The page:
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Analysis: Tables Turning As Dell Embraces AMD

For all the world it looked like a skirmish among server vendors. Dell, faced with three years of losing deals--and ground--to its rivals, finally caved in recently and said it would offer an AMD Opteron-based system.

But while Dell did indeed need to make the leap onto the AMD bandwagon just to keep pace with competitors such as Hewlett-Packard, IBM and Sun, the real drama, literally and figuratively, was going on under the hood.

Dell's diminishing server revenue is the price it has paid for its staunch support of Intel, even as AMD eclipsed the chip behemoth in dual-core performance, according to analysts. The sea change for Dell can be seen as fallout in the ongoing battle between AMD and Intel, with Intel finally making up ground--perhaps too little, too late for Dell--in the dual-core race.

In fact, Dell's recent decision to offer Opteron systems by year's end is yet another promising development for AMD, even as Dell's clout begins to recede. Forced to admit that its stand-by-Intel strategy was failing, Dell must now prove that it can bring all of its customers into the world of 64-bit, dual-core computing or continue losing business to the competition.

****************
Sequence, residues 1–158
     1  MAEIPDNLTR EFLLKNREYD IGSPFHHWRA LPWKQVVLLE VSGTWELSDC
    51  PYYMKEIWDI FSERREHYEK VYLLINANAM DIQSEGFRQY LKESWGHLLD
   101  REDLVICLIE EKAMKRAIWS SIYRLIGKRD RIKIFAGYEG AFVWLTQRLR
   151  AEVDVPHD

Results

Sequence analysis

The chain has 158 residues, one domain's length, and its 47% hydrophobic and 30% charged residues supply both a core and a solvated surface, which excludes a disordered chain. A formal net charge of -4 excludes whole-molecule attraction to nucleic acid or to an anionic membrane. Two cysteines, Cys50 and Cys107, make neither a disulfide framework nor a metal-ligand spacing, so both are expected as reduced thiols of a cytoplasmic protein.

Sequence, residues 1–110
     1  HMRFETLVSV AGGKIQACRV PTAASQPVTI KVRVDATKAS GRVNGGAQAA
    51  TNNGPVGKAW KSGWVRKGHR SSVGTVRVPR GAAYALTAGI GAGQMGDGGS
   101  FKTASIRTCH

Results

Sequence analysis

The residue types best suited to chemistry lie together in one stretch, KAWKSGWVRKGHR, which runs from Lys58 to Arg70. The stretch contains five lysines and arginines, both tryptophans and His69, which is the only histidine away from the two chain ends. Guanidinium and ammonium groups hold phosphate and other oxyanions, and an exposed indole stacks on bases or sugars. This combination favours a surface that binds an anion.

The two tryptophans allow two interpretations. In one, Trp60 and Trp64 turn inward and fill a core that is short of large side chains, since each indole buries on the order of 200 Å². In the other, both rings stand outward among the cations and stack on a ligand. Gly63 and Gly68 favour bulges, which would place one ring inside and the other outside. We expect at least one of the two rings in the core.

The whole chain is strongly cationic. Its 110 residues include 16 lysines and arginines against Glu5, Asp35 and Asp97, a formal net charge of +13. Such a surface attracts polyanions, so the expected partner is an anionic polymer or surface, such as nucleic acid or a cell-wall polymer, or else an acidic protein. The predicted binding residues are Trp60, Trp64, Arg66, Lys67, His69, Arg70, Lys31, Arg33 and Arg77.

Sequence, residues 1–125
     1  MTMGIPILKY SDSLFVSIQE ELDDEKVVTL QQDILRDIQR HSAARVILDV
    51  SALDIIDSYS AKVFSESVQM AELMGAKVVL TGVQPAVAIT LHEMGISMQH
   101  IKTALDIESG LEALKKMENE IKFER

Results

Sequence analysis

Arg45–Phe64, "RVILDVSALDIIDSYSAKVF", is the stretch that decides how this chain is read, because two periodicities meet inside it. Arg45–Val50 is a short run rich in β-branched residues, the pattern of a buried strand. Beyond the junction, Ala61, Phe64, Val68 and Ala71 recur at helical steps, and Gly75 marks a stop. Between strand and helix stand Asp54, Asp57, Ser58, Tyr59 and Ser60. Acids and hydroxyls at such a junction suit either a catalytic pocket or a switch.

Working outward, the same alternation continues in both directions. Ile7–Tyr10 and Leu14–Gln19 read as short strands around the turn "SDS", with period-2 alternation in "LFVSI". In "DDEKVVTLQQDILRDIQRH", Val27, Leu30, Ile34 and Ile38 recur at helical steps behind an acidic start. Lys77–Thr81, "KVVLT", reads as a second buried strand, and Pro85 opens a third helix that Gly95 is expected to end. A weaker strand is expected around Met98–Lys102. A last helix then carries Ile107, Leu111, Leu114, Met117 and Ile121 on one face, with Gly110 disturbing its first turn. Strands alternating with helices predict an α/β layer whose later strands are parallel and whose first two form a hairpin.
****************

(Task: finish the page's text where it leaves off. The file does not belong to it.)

For the first quarter, HP posted 2.2 percent growth in server revenue, while Dell's dropped 1.1 percent over the same period, according to analysts. And the bulk of HP's growth has come from Opteron-based servers. Dell had, until just recently, steadfastly refused to offer Opteron-based 64-bit systems despite key performance and power-savings advantages over Intel's competing Xeon processors.

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